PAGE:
An open letter to Scott Gillespie

Scott Gillespie is the editorial editor and vice president of the Star Tribune. He is in charge of the opinion side of the newspaper. In his daily email newsletter on Monday, Scott discussed the paper’s coverage of Rep. Ilhan Omar under the subject heading “Opining on Ilhan Omar.” I think it’s fair to say that Scott is proud of it. I asked Scott if I could have his permission to post his message on Power Line with the thought that I might respond in an open letter to him. Scott asked only that I “make clear that news and opinion are separate at the Star Tribune – a point I make often in the newsletter but might be lost on Power Line readers – and that I am responsible for opinion.”

Dear Scott: This open letter to you responds to your January 21 message to readers that I posted here on Power Line. Thank you for your permission to share your message with Power Line readers. It takes up a subject I have written a lot about on Power Line and elsewhere. Responding to a critical Wisconsin reader, you defend the Star Tribune’s news and editorial coverage of Ilhan Omar. I find it poor. I thought I might take the opportunity raised by your message to revisit the subject with a senior officer of Omar’s hometown newspaper (i.e., you).

When it comes to Omar I think the Star Tribune has particularly ill served its core Fifth District DFL readers. You refute and disparage the critical reader whom you quote, but (to borrow Bill Clinton’s famous expression) I feel his pain. I think the Star Tribune’s coverage of Omar has been superficial at best, both on the news and editorial side. To make the subject manageable, I will limit the period of time in issue from June 5 (when DFL candidates filed to run for the Fifth District seat) to August 14 (the date of the primary election).*

The Star Tribune emphasized in its June 18 editorial that “primary voters [would] be making a choice with long-lasting consequences. The Fifth District has been represented by only four U.S. House members — Walter Judd, Don Fraser, Martin Sabo and Keith Ellison — in the past 76 years.” The Fifth District now being one of the most heavily Democratic districts in the country, the August 14 primary represented the date of the real election for the Fifth District seat. If my focus on the June 5-August 14 period is fair, the Star Tribune had a little over two months to do its job for readers making up their mind to vote in the primary. How did it do?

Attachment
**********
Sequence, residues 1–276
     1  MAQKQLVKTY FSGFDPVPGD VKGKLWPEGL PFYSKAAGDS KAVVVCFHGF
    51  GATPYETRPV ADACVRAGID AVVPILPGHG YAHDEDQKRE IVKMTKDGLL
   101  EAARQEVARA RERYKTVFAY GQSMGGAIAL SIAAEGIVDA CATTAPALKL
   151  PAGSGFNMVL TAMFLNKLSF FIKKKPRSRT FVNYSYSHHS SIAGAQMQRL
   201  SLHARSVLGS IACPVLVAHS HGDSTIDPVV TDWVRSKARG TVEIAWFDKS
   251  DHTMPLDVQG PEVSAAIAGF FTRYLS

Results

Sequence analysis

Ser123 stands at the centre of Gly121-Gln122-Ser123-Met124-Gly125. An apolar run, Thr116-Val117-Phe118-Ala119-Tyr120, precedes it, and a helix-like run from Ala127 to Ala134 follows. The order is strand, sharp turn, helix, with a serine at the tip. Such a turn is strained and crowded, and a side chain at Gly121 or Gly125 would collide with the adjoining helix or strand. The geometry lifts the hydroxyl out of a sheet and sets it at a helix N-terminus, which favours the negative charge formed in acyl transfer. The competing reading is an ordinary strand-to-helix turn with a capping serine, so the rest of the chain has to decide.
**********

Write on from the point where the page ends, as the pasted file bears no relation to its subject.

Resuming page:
The primary election pitted Omar against two serious DFL candidates. Maya Rao’s July 1 profile of the three candidates is utterly superficial. The superficiality was characteristic of the Star Tribune’s coverage of the race during the period of time in issue — and there wasn’t much of it anyway.

Kelly Smith’s August 3 article reported on the candidates’ joint appearance at a forum of community and business leaders. Maya Rao’s August 7 article reported on the candidates’ joint appearance at Beth El Synagogue in St. Louis Park before a largely Jewish audience. Neither adds much to the candidates’ quotes.

Rao’s August 11 article is the last whack before the primary. In this article Rao notes that Omar had recently traveled to Southern California for fundraising events hosted by the political action committee for that state’s chapter of the Council on American-Islamic Relations (CAIR).

One would never know it from reading the Star Tribune, but CAIR is a terror-supporting front group that holds itself out as a civil rights organization. CAIR”s support of Omar fits neatly with her support of the anti-Semitic BDS movement that Omar obscured for one night only — during the August 6 Beth El Synagogue forum.

The Star Tribune has been missing in action on every aspect of this matter that is of interest to many Fifth District voters (witness the packed August 6 Beth El forum). Rao leaves it at this: “Omar has also drawn criticism in the Jewish community for previous statements critical of the Israeli government and military. She has said that criticism of Israeli military strikes against Palestinians does not mean she is anti-Semitic.” This is pathetic. Omar’s vocal support of the BDS movement on days other than August 6 belies Rao’s indirect statement of Omar’s defense (not that one would have known it if one got his news from the Star Tribune).

Rao’s story added: “Omar has drawn national media attention but also controversy. Some conservative bloggers alleged she married her brother to help him obtain U.S. citizenship, which Omar adamantly denied.” Would it be too much to ask the Star Tribune to do some reporting of its own on this question?